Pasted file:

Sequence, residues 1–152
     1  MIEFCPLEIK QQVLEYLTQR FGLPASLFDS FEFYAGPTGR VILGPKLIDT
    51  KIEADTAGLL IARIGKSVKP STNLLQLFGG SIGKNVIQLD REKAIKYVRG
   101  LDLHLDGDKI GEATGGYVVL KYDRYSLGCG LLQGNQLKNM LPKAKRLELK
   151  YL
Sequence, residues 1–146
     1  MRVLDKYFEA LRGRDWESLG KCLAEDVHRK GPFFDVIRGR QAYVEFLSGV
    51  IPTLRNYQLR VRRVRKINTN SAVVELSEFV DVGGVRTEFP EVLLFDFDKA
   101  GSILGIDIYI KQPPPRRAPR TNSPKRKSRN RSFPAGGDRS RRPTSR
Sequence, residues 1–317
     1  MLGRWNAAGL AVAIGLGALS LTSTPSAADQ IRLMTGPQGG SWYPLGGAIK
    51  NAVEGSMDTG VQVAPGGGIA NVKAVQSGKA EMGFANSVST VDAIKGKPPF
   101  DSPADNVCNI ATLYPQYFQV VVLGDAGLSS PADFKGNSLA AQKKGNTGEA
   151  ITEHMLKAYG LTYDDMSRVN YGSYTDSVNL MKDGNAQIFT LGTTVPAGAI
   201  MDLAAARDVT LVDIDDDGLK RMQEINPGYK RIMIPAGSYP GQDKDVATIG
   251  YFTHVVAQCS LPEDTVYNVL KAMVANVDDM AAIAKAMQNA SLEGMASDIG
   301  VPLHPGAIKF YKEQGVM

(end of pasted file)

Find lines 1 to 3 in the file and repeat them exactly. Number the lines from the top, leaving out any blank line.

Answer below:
Sequence, residues 1–152
     1  MIEFCPLEIK QQVLEYLTQR FGLPASLFDS FEFYAGPTGR VILGPKLIDT
    51  KIEADTAGLL IARIGKSVKP STNLLQLFGG SIGKNVIQLD REKAIKYVRG